LAUSD Needs More Money For Coronavirus Response. Does The State Have Any To Give?

Staff at an L.A. Unified School District 'Grab and Go' meal distribution center hands food to parents in their cars outside of Hollenbeck Middle School in Boyle Heights. (Chava Sanchez/LAist)

Our news is free on LAist. To make sure you get our coverage: Sign up for our daily coronavirus newsletter. To support our non-profit public service journalism: Donate Now.

Throughout the coronavirus crisis, Los Angeles Unified School District leaders' approach has been to respond to the emergency now — with meals, internet connections, laptops and more — and figure out how to pay for it all later.

All this unforeseen spending means that, by the end of this school year, LAUSD's pandemic response will blow a $200 million hole in the district's $9.2 billion budget, Superintendent Austin Beutner announced Monday.

In a video update, Beutner pleaded with state and federal lawmakers for help picking up the unpaid bills. He even argued that, in some cases, LAUSD was spending to make up for problems that should've been addressed by other government agencies.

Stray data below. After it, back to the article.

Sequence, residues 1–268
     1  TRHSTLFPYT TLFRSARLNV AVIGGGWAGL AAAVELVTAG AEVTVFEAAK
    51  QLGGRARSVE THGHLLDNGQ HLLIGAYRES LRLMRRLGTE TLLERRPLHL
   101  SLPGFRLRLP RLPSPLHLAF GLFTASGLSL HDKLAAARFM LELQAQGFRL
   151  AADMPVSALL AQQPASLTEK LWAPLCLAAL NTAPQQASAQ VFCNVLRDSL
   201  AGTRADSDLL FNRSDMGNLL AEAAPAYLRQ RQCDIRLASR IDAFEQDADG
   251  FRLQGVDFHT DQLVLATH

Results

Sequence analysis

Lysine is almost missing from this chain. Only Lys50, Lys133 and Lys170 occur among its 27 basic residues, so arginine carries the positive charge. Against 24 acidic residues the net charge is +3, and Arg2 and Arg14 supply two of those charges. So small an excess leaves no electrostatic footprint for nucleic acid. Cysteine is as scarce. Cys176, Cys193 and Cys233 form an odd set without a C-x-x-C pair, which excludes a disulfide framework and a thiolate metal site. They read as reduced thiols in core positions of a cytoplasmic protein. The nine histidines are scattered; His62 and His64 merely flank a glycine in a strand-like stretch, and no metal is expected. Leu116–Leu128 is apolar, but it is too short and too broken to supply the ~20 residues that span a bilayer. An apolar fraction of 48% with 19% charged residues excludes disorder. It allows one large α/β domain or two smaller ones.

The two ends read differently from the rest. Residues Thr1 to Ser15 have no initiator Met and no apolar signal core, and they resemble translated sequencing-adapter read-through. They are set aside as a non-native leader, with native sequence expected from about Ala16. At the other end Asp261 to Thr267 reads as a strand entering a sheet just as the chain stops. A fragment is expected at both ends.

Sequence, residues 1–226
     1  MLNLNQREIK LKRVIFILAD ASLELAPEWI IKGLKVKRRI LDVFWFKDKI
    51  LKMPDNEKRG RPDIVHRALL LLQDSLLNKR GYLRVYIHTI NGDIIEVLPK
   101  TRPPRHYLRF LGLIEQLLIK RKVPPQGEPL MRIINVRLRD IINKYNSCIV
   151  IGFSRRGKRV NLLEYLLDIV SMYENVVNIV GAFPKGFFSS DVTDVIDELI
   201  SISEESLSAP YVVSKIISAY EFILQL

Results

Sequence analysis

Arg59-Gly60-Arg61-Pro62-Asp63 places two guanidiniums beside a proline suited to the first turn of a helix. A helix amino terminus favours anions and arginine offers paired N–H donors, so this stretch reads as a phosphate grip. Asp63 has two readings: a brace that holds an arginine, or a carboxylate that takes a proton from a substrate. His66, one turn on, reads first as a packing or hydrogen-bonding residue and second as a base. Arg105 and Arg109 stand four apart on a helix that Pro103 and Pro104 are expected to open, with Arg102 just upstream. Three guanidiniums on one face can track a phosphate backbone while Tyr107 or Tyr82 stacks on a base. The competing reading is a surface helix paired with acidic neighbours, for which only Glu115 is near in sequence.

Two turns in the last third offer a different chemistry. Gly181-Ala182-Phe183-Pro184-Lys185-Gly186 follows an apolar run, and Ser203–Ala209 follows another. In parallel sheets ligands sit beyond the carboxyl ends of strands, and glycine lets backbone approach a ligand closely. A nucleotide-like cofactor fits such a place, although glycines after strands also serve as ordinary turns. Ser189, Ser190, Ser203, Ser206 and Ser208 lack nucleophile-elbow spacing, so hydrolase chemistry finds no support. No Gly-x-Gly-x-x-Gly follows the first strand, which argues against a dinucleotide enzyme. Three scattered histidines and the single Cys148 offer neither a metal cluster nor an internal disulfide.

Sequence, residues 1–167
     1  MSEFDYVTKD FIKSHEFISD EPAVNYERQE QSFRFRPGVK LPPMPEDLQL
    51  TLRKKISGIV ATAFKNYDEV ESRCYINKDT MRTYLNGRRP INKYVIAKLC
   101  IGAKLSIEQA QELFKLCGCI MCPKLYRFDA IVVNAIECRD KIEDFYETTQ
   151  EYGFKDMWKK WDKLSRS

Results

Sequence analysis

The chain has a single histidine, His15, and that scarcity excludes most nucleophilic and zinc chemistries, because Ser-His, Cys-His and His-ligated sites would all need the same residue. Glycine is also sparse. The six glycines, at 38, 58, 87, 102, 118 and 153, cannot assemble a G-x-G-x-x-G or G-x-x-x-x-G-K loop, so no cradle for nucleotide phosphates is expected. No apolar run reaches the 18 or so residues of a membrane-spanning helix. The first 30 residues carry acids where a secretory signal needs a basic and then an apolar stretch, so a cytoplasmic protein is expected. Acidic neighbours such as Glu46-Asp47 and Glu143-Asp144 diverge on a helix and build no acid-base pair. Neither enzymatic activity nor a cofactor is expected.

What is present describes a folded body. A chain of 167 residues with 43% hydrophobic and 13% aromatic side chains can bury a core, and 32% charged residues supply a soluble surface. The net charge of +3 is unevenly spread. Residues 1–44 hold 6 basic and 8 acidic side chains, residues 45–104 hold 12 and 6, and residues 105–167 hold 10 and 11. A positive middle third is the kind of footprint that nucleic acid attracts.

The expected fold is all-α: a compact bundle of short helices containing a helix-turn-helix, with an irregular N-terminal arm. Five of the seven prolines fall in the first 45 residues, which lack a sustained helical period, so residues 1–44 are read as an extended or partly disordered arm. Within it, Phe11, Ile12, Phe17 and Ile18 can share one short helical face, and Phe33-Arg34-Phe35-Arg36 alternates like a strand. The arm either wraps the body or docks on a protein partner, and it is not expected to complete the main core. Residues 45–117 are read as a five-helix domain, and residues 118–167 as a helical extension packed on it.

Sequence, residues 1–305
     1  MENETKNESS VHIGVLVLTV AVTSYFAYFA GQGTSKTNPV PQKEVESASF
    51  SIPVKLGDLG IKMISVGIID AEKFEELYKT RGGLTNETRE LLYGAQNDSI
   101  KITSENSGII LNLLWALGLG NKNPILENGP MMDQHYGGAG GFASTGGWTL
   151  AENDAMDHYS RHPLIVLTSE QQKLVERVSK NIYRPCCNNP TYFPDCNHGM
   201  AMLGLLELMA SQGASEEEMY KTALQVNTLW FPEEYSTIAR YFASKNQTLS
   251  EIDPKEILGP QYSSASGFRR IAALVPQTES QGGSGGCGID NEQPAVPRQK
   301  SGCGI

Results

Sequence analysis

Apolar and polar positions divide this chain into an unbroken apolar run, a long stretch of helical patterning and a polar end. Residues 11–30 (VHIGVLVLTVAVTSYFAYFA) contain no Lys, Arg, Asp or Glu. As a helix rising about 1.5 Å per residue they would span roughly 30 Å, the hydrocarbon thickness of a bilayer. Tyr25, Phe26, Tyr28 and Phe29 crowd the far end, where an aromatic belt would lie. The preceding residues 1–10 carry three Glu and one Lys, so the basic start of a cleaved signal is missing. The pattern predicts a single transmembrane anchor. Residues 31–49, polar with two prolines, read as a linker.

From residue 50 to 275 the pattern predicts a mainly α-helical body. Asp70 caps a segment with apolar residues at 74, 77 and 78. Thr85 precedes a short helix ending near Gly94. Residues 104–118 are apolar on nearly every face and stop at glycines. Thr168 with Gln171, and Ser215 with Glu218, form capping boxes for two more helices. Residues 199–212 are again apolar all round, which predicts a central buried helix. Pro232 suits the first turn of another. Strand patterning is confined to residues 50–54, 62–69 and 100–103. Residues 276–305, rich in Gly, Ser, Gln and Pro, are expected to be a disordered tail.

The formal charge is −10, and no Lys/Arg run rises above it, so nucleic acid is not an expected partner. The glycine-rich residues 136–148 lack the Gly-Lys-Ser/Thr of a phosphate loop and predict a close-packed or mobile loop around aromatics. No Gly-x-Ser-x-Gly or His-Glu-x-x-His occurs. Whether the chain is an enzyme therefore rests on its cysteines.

"It may sound counter-intuitive," Beutner said, "to be talking about increased spending on education in the midst of looming state budget issues, but it's necessary — unless we're prepared to sacrifice a generation of boys and girls who are counting on a great education as a path out of poverty."

A DRY WELL IN SACRAMENTO?

Both L.A.'s city government and school system have been ramping up the pressure on state and federal officials for another round of financial help.

While Beutner said he didn't anticipate the need for staffing cuts in the near term at LAUSD, L.A. Mayor Eric Garcetti also unveiled his own, grim budget on Monday — which included furloughs and pay cuts for workers in city government.

But officials in Sacramento are grappling with a budget crisis of their own.


icon
DON'T MISS ANY L.A. CORONAVIRUS NEWS

Get our daily newsletters for the latest on COVID-19 and other top local headlines.


Terms of Use and Privacy Policy